10 Concluding Remarks Frameworks Capture Design Patterns The process of

10 concluding remarks frameworks capture design

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11.10 Concluding Remarks: Frameworks Capture Design Patterns The process of preparing programs for a digital computer is especially attractive, not only because it can be economically and scientifically rewarding, but also because it can be an aesthetic experience much like composing poetry or music. Donald Knuth The original 23 design patterns from the Gang of Four have been expanded dramatically since their book appeared. There are numerous repositories of design patterns ( Cunningham 2013 ; Noble and Johnson 2013 ), with some tailored to specific problem areas such as user interfaces ( Griffiths 2013 ; Toxboe 2013 ). A problem for novice developers is that even if you read the Gang of Four book or study these repositories, it is hard to know which pattern to apply. If you don’t have previous experience with a given design pattern, and you try to design for it in an anticipatory manner, you’re more likely to get it wrong, so you should instead wait to add it later when and if it’s really needed. The good news is that frameworks like Rails encapsulate others’ design experience to provide abstractions and design constraints that have been proven through reuse. For example, it may not occur to you to design your app’s actions around REST, but it turns out that doing so results in a design that is more consistent with the scalability success stories of the Web. While the Gang of Four went out of their way to differentiate design patterns from frameworks to try to make it clear what design patterns are—more abstract, narrower in focus, and not targeted to a problem domain—today frameworks are a great way for a novice to get started with design patterns. By examining the patterns in a framework that are instantiated as code, you can gain experience on how to create your own code based on design patterns.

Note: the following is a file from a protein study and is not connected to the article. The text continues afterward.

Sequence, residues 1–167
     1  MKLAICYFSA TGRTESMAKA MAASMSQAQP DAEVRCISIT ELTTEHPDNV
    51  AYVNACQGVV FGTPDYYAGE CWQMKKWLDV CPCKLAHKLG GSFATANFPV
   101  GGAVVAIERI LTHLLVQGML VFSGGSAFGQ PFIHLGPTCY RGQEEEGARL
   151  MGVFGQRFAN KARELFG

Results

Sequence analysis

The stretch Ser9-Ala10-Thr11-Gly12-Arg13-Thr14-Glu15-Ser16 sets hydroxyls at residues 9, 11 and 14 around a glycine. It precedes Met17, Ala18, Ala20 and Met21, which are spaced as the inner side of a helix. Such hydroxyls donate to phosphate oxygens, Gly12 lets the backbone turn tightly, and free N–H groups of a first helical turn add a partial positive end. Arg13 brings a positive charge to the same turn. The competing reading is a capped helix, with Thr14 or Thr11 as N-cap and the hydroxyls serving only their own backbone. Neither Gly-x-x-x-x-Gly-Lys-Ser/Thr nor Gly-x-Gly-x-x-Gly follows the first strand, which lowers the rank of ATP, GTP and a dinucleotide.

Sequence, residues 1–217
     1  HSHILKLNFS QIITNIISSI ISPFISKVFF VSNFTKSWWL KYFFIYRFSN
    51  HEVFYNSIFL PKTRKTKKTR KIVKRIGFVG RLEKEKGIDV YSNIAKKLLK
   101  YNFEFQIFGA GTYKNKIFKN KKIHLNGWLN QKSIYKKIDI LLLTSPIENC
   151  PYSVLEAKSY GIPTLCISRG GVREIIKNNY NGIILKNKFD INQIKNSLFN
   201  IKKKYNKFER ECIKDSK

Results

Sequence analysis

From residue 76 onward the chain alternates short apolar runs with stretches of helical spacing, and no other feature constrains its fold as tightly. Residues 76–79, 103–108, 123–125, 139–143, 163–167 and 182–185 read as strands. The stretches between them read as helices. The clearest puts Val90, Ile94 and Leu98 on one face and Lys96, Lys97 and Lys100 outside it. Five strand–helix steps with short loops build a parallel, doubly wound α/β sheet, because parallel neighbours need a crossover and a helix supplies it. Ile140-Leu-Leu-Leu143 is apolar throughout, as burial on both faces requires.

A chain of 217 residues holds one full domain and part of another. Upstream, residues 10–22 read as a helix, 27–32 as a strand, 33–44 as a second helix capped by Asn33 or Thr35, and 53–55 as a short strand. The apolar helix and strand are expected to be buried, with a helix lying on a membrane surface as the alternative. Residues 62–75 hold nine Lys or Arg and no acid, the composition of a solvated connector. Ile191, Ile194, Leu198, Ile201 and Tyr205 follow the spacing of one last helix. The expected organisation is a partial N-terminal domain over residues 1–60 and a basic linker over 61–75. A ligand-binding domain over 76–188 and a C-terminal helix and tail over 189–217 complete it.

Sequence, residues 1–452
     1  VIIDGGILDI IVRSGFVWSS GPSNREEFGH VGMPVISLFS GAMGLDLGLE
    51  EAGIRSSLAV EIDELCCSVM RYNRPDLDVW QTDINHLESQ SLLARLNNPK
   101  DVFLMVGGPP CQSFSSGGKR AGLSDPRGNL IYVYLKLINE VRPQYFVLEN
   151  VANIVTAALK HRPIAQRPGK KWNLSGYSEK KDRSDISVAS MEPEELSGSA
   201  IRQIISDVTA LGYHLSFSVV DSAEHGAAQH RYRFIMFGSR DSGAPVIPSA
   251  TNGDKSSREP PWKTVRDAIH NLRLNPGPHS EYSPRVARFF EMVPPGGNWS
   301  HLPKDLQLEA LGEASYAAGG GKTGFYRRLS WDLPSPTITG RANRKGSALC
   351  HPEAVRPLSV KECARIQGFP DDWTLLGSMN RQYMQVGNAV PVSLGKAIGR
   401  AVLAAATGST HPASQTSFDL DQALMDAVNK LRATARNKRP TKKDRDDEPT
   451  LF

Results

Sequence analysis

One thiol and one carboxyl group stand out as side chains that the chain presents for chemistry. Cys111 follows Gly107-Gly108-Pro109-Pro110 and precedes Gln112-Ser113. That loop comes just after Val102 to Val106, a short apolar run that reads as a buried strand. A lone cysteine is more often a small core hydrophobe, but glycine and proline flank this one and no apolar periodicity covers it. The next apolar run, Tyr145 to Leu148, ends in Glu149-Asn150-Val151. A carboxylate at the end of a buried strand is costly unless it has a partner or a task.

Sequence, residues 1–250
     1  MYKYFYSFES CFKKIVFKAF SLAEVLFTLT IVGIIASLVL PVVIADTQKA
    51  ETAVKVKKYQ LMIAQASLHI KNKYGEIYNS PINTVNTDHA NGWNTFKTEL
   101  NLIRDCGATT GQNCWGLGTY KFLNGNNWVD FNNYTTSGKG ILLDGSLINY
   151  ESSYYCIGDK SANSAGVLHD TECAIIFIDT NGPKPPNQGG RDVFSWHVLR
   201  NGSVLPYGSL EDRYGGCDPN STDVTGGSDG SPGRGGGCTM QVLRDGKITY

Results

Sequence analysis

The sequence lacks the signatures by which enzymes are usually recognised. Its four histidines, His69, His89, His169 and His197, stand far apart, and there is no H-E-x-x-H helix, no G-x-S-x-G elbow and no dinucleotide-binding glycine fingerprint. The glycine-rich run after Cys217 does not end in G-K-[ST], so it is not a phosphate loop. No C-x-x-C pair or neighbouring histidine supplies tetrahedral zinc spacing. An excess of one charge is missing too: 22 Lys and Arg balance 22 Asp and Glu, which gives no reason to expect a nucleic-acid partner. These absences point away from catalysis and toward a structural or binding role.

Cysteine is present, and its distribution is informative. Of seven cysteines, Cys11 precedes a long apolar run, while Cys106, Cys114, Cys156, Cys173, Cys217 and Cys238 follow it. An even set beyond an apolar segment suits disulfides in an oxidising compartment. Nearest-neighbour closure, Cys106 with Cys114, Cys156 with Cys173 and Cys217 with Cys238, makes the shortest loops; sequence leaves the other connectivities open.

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11.11 To Learn More Design Patterns ( Gamma et al. 1994 ) is the classic Gang of Four text on design patterns. While canonical, it’s a bit slower reading than some other sources, and the examples are heavily oriented to C++. Design Patterns in Ruby ( Olsen 2007 ) treats a subset of the GoF patterns in detail showing Ruby examples. It also discusses patterns made unnecessary by Ruby language features. Clean Code ( Martin 2008 ) has a more thorough exposition of both the SOFA and SOLID guidelines that motivate the use of design patterns. Rather than presenting a “laundry list” of patterns, we tried to motivate a subset of patterns by showing the design smells they fix. Rails Antipatterns ( Pytel and Saleh 2010 ) gives great examples of how real- life code that starts with a good design can become cluttered over time, and how to beautify and streamline it by refactoring, often using one or more of the appropriate design patterns. Figure 11.24 shows a few examples of those refactorings, largely drawn from Martin Fowler’s online catalog of refactorings and comprehensive book ( Fields et al. 2009 ).
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